Members of a Locust Point community group objected yesterday to a developer's plans to expand the Tide Point business park in South Baltimore by adding homes, offices, shops and a museum.
Locust Point residents are concerned that new development proposed by Tide Point developer Struever Bros. Eccles & Rouse won't fit into the rowhouse-dominated neighborhood, a community association representative said yesterday during a presentation to a city design panel.
The community group is worried that the development, which includes a 15-story parking and residential building, will obstruct residents' downtown and water views while exacerbating a parking crunch.
The plans were shown for the first time to the Urban Design and Architecture Review Panel as the initial step in requesting a zoning change needed to develop properties near the business park, which sits close to industrial uses such as the Domino Sugar plant. Tide Point was a closed Procter & Gamble factory that Struever redeveloped as an office campus. It houses Struever's main office and tenants such as Under Armour Inc.
Members of the design panel yesterday deferred a vote on the proposed master plan, asking the developer to return with some revisions. But members said they were impressed with plans to bring new residences to the area, fill in gaps and provide greater public access to the waterfront.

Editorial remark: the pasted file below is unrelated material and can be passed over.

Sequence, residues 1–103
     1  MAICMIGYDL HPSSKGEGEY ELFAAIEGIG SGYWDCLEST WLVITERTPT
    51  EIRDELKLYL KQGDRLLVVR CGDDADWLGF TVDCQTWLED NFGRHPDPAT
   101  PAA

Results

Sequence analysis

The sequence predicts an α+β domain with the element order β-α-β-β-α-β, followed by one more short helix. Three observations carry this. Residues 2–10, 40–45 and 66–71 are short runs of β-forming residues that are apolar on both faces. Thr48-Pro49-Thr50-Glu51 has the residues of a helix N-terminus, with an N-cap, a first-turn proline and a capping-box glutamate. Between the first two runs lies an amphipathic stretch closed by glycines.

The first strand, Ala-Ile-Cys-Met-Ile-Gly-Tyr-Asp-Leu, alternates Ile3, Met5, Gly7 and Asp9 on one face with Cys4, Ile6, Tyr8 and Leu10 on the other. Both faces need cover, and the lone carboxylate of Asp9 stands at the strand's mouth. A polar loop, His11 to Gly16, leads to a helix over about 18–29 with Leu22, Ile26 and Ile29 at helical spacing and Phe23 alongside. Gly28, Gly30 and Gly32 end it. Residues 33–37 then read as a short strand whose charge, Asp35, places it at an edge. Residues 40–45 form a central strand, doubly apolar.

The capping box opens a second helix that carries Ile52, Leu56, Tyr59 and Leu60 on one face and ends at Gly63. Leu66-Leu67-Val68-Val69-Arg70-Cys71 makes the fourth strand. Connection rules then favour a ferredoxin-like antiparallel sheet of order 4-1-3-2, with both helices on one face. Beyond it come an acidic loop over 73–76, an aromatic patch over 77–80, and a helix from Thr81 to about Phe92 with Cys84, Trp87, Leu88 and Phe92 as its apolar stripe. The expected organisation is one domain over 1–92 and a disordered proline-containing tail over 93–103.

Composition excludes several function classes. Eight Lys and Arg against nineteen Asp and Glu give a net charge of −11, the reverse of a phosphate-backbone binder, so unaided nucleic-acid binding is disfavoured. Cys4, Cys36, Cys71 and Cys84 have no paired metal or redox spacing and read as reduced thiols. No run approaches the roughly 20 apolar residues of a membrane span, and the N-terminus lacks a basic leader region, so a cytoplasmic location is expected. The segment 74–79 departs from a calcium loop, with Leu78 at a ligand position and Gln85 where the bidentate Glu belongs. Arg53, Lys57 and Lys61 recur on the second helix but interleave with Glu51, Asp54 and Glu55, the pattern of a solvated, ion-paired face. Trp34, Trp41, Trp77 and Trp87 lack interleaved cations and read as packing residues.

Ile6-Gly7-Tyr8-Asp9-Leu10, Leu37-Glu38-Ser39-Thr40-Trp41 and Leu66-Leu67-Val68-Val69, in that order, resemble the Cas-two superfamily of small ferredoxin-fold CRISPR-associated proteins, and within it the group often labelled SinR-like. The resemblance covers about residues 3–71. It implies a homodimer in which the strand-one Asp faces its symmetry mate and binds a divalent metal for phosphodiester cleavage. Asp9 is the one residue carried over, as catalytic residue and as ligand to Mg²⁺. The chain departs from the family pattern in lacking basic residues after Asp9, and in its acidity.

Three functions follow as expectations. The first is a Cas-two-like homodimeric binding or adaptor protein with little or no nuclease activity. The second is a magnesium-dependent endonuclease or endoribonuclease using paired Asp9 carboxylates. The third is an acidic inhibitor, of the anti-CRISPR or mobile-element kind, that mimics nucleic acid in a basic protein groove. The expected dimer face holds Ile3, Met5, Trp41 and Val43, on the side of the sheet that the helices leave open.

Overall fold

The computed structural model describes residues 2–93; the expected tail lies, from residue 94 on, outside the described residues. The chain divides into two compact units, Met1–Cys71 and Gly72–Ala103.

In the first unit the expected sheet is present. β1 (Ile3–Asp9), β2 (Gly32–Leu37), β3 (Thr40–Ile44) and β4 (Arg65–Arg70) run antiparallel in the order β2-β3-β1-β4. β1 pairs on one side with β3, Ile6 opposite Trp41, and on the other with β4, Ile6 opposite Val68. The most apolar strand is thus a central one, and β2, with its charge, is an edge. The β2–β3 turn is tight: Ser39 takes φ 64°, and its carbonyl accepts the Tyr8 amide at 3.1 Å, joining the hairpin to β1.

One panel member said he believed the site could accommodate even more development. "I think it's a modest plan given the location of the site and the promise of a place on the waterfront," Gary Bowden said. "There is an opportunity there for more density."
Besides the 15-story building, Struever is proposing a 200,000-square-foot, seven-story office building adjacent to the existing Joy Building, about 10,000 square feet of retail along Key Highway, and housing in two, four-story apartment buildings, and three, four-story condominium buildings. The project would also include 15 three-story townhouses as well as a Baltimore Immigration Museum on the waterfront.
Members of the Locust Point Civic Association submitted a letter outlining their concerns and said they still objected even though the developer had reduced originally proposed building heights and densities.
"We disagree that this is a smaller plan - to us it feels huge," Anthony Vittoria, a civic association representative, told the panel.
He said the city's master plan set guidelines several years ago saying Locust Point should get only 820 new housing units - 500 of which are already being developed as part of the Silo Point condominium tower under way. Struever proposes adding 600 to 700 units.
"To us, it's not good urban planning," Vittoria said. "Locust Point is a neighborhood of rowhouses where people do sit out on their stoops. ... It will build a wall blocking off views of the water and downtown."
C. William "Bill" Struever, chief executive officer and president of the development company, told the design panel that a key part of the plan includes redevelopment of a warehouse near the business park for the expansion of Under Armour Inc.
Getting financing for the warehouse redevelopment, which has been granted city approval, is dependent on getting the changes in the planned unit development zoning also needed for the addition of homes and firstname.lastname@example.org